I had a participant in a team building meeting recently who was a pastor on the side (in addition to his job with the federal agency I was working with). He taught me a lot during the session. The best thing was his use of the term “tunnel of chaos.”
I liken his concept to Gervase Bushe’s concept of “interpersonal mush.” It’s what happens when people make up stories to explain the behavior of others without checking their stories out with each other. We all do it, whether we want to admit it or not; as human beings, Bushe says, we are sense-making creatures and we’re driven to make up stories that explain what we see going on around us. The problem is that our stories are often motivated more by the fundamental attribution error than by reality.
The pastor said that when you realize you have an unproductive story in your head, and you’re frustrated with another person, you have a decision to make. Do you want to revert to fight or flight mode? Or do you want to enter the tunnel of chaos and work it out? The tunnel of chaos is the trading of stories and interpretations between two people that may initially lead to more frustration and misunderstanding (“chaos” or “interpersonal mush”) but will eventually take us to some sort of shared understanding if we stick it out. It’s a concept he uses often when counseling his parishioners.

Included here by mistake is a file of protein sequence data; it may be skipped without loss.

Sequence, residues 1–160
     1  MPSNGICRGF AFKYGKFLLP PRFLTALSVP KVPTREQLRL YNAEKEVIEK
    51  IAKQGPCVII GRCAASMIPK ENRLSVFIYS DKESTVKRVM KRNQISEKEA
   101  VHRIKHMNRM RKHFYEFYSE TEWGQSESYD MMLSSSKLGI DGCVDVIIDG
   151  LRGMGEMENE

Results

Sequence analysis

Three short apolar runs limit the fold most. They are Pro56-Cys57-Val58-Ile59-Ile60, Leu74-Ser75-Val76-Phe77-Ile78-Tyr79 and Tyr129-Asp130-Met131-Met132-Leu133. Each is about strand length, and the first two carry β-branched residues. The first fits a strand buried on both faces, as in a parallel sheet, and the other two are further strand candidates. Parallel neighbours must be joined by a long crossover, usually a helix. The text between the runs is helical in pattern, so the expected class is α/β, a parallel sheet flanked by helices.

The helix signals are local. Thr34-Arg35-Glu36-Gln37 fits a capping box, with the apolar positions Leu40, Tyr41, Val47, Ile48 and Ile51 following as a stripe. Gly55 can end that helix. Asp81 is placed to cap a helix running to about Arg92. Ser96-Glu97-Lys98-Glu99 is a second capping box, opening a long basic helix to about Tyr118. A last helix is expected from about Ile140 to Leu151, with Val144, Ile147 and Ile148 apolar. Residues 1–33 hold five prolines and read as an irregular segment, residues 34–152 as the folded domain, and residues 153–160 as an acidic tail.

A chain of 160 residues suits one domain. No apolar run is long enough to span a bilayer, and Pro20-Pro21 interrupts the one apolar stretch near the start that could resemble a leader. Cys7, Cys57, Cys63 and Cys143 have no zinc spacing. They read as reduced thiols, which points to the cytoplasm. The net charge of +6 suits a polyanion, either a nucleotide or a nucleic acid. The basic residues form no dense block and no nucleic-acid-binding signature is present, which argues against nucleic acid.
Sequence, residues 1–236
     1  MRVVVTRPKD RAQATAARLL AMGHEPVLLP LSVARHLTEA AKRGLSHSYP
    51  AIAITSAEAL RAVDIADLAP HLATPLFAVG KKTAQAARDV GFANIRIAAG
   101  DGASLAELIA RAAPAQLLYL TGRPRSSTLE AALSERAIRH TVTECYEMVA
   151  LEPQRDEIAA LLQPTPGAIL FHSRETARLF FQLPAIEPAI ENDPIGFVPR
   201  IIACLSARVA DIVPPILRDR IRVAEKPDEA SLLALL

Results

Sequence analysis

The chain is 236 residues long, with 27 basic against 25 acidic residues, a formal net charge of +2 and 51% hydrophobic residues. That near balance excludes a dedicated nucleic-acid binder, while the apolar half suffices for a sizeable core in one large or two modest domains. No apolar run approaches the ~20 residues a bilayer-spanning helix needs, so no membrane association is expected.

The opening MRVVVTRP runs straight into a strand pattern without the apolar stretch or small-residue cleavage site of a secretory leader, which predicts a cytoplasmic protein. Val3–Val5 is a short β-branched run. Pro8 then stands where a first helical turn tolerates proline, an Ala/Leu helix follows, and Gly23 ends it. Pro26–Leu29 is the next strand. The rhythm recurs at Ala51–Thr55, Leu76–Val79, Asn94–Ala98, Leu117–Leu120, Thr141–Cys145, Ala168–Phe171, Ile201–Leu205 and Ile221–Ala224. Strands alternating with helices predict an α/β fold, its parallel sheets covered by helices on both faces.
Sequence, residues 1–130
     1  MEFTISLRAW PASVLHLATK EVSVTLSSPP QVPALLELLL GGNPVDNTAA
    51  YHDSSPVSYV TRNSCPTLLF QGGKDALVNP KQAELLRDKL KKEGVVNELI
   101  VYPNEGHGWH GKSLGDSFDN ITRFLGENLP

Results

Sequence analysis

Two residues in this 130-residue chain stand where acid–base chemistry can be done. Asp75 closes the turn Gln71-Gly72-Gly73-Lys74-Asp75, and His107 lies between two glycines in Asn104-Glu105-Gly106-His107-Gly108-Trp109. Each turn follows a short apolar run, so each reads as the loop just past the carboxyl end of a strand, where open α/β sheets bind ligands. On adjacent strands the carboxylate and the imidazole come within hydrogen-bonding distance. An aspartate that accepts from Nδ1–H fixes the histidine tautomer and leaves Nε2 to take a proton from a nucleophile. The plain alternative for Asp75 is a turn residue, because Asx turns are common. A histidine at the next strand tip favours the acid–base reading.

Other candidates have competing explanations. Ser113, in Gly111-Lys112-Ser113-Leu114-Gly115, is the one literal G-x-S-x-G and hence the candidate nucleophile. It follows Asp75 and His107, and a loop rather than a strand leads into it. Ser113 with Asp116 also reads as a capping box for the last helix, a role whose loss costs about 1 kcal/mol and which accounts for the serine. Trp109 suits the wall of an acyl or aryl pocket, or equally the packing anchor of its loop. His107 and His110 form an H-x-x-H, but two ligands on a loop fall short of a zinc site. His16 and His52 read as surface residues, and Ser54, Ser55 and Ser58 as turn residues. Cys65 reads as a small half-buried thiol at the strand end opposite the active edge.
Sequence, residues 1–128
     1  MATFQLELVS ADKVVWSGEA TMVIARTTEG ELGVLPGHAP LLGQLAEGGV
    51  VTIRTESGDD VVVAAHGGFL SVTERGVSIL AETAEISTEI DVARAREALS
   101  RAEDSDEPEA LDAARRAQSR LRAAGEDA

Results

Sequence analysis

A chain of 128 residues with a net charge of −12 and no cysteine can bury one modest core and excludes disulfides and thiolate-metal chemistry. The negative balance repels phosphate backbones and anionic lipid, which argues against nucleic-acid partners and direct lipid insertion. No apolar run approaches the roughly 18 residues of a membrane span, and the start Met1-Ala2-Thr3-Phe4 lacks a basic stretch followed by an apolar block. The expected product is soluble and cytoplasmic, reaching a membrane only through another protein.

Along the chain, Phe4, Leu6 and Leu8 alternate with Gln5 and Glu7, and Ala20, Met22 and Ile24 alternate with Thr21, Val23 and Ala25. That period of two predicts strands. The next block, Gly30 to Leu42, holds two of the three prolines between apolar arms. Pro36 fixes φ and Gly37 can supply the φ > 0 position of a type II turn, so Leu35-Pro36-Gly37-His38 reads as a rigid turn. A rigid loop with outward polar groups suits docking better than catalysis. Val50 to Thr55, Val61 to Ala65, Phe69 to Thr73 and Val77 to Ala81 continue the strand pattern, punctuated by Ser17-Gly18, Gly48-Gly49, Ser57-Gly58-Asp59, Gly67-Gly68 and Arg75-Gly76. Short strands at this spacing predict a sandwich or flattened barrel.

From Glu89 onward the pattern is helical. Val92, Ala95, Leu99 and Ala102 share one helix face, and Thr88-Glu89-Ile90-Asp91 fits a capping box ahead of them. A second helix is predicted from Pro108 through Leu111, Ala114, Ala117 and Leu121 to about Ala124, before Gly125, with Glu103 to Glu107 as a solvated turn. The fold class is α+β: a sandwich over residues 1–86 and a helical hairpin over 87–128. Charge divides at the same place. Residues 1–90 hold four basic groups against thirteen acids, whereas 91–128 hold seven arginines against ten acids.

It caught on quick in our session. Soon, whenever someone began to vent about a communication-related issue that frustrated them, everyone would echo, “So, do you want to fight or flee? Or will you enter the tunnel of chaos?” Everyone would laugh, of course, but the point was made. You can take the unproductive and easy way out. Or you can do the hard stuff, spend some extra time and effort explaining your thinking on an issue and being open to listening to someone else’s very different perspective. You can weather the initial chaos in hopes of a bigger payoff at the end. The result, if you stick with it, is almost always greater clarity and trust between teammates.
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